"He had a proud history not just with the Colts, but also as a player, coach and broadcaster for over half a century with the NFL," Jim Irsay said in a statement. "Ted was an innovator and turned the Colts into an instant playoff team when he took his first head coaching role in 1975. Ted was as humble as they come, and he represented the Colts and our community with class both off the field and on."
While he went 0-3 in the playoffs with the Baltimore Colts, Marchibroda is remembered for guiding a Jim Harbaugh-led Indianapolis team to the AFC Championship Game in 1995. With an overall record of 87-98-1, Marchibroda stands as the only man in NFL history to have coached both Baltimore franchises.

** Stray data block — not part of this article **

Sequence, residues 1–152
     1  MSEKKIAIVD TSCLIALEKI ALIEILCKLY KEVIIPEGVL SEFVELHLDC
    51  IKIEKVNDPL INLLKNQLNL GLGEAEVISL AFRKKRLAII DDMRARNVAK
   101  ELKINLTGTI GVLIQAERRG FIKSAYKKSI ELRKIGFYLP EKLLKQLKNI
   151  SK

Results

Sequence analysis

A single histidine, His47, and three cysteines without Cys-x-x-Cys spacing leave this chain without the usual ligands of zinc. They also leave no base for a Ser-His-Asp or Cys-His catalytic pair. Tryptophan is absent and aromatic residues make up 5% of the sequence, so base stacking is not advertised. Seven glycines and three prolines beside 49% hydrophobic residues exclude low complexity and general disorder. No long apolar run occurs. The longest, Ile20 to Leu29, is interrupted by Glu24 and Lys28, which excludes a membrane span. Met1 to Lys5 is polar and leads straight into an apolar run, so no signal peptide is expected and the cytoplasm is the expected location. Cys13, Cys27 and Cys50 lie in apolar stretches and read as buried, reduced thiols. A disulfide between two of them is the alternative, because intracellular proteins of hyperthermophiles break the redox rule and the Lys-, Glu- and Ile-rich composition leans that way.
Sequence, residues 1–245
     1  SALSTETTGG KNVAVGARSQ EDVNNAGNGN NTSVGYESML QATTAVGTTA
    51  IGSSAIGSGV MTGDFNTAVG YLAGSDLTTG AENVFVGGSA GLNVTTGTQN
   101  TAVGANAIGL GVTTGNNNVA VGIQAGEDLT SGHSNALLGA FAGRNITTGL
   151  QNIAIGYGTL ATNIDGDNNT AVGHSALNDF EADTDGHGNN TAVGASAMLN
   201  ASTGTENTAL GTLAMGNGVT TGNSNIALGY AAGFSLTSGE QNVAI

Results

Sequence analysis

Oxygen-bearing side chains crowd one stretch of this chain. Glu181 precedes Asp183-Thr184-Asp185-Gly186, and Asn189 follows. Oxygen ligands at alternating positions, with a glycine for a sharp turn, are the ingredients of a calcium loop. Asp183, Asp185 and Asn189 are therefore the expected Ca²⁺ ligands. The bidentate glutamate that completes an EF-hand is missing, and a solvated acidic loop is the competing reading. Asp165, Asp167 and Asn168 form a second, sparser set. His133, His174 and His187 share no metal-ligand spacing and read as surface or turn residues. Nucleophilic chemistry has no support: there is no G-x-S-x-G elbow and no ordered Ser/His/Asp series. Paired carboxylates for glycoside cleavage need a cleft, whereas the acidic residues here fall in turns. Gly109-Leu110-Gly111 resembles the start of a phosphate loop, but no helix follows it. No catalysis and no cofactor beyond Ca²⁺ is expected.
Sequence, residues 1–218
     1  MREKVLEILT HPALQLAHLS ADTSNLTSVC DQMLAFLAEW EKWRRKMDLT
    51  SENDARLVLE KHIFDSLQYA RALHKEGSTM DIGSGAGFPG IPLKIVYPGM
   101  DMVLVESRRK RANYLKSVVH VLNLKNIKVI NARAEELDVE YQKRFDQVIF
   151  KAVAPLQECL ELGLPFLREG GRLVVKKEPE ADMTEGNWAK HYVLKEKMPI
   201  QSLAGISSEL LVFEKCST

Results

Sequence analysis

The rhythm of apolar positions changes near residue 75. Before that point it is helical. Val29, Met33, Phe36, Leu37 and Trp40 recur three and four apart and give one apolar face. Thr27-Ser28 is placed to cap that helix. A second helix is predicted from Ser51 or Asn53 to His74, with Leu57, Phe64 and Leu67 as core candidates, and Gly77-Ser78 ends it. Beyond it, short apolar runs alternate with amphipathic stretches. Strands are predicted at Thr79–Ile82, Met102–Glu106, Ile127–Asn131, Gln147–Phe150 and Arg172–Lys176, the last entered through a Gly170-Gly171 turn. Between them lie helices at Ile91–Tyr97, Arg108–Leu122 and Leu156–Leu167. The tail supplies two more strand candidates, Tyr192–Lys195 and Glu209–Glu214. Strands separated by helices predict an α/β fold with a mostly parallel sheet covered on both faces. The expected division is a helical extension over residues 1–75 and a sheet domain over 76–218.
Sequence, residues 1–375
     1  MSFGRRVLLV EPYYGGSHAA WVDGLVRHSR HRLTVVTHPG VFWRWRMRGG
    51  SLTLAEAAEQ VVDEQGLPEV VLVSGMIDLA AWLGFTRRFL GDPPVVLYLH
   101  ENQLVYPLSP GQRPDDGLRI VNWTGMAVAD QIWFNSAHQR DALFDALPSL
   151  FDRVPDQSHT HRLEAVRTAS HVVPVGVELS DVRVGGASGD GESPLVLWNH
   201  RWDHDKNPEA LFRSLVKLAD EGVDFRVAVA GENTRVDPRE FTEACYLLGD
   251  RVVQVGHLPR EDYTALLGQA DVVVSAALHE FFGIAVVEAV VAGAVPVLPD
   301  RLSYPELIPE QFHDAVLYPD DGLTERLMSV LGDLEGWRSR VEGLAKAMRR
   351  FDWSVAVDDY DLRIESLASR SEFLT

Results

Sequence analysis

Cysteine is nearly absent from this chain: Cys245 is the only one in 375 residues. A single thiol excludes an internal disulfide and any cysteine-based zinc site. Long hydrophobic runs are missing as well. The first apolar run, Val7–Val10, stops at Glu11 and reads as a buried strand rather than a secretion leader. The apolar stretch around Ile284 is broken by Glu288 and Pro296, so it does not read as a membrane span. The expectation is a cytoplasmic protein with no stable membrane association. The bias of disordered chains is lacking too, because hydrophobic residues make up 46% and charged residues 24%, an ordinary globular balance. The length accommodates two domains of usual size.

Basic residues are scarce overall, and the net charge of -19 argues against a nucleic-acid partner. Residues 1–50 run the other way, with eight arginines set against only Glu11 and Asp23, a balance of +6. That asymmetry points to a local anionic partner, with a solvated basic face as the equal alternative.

In Buffalo, Marchibroda was credited with creating the team's frenetic K-gun, no-huddle offense, a scheme that helped the Bills reach four straight Super Bowls.
Marchibroda also had an eye for talent, handing a young Bill Belichick his first NFL coaching job in 1975 before watching a handful of his assistants -- Lindy Infante, Marvin Lewis, Eric Mangini, Jim Schwartz and Ken Whisenhunt -- go on to become head coaches.
"Just a grave loss," said Hall of Fame running back Marshall Faulk, who played his first two NFL seasons under Marchibroda in Indianapolis. "The man who I'm endeared to. Taught me a lot about football and life and just how they correlate and how taking care of your job, taking care of your family and handling your responsibilities and being a good teammate is very important. We lost a special man."